Bacterial conjugation is the transfer of genetic material between bacterial cells by direct cell-to-cell contact or by a bridge-like connection between two cells. It is a mechanism of horizontal gene transfer as are transformation and transduction although these two other mechanisms do not involve cell-to-cell contact.
Bacterial conjugation is often regarded as the bacterial equivalent of sexual reproduction or mating since it involves the exchange of genetic material. However, this is not sexual reproduction, since no exchange of gamete occurs. During conjugation the donor cell provides a conjugative or mobilizable genetic element that is most often a plasmid or transposon. Most conjugative plasmids have systems ensuring that the recipient cell does not already contain a similar element.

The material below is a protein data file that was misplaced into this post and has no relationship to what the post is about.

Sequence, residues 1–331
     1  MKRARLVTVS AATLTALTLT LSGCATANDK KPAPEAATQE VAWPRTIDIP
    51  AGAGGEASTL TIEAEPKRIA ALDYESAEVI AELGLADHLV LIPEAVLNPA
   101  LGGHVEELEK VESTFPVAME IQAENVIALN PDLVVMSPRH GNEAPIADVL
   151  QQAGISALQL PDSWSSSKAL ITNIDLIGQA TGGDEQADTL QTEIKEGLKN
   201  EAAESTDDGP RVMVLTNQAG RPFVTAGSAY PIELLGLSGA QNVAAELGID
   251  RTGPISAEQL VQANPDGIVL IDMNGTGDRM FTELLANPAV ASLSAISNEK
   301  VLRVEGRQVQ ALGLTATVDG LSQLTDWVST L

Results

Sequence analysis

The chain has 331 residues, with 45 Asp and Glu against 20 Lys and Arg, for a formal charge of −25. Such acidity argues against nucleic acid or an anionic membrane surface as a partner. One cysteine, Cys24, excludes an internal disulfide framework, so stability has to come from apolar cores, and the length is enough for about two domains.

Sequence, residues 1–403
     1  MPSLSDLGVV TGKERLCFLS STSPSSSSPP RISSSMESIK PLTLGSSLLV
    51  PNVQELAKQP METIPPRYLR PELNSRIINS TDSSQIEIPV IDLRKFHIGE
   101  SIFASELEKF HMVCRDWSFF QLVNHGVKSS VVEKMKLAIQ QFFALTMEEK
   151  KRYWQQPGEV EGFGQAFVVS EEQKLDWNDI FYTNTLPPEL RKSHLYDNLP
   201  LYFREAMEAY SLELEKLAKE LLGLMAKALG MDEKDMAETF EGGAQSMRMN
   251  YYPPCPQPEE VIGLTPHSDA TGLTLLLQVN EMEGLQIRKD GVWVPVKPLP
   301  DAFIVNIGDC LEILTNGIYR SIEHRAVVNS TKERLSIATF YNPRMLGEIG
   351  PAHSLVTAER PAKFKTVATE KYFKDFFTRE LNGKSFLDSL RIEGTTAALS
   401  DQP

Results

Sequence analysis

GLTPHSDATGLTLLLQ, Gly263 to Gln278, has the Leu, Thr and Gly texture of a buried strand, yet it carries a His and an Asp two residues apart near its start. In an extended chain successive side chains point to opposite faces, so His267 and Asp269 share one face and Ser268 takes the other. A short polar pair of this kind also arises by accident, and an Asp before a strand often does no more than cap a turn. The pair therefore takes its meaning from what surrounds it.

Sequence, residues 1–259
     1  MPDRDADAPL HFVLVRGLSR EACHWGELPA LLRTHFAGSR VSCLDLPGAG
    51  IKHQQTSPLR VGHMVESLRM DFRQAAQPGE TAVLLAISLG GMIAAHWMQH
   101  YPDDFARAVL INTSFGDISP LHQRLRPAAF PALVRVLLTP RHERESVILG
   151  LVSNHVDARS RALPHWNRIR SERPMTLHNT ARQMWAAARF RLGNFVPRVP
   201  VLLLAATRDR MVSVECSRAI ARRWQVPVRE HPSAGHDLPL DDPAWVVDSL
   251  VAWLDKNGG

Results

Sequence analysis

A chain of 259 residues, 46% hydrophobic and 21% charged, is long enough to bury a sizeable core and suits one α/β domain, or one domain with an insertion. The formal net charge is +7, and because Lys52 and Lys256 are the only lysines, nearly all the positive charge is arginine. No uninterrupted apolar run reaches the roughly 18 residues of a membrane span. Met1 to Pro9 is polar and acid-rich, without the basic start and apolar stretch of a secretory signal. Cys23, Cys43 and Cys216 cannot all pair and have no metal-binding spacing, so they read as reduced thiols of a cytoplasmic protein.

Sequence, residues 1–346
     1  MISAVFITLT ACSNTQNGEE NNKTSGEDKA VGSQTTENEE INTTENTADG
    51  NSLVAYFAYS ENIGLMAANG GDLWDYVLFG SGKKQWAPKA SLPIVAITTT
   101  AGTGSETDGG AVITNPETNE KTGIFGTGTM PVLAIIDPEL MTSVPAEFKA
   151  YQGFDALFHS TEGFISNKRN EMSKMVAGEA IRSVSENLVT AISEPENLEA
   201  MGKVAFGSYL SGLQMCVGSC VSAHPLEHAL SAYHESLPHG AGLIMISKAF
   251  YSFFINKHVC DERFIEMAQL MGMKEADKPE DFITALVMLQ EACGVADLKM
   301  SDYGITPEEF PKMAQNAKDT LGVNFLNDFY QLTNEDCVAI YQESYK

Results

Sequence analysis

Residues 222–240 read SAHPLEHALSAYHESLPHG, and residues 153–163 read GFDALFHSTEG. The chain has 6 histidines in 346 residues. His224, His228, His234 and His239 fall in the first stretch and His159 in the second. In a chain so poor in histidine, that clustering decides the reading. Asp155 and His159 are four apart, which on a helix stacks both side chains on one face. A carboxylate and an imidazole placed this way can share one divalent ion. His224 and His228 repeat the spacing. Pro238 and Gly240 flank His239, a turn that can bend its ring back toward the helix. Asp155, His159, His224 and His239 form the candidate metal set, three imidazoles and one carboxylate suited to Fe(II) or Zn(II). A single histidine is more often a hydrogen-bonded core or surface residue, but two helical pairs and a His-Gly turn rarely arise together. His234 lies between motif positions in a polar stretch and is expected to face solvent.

The genetic information transferred is often beneficial to the recipient. Benefits may include antibiotic resistance, xenobiotic tolerance or the ability to use new metabolites. Such beneficial plasmids may be considered bacterial endosymbionts. Other elements, however, may be viewed as bacterial parasites and conjugation as a mechanism evolved by them to allow for their spread.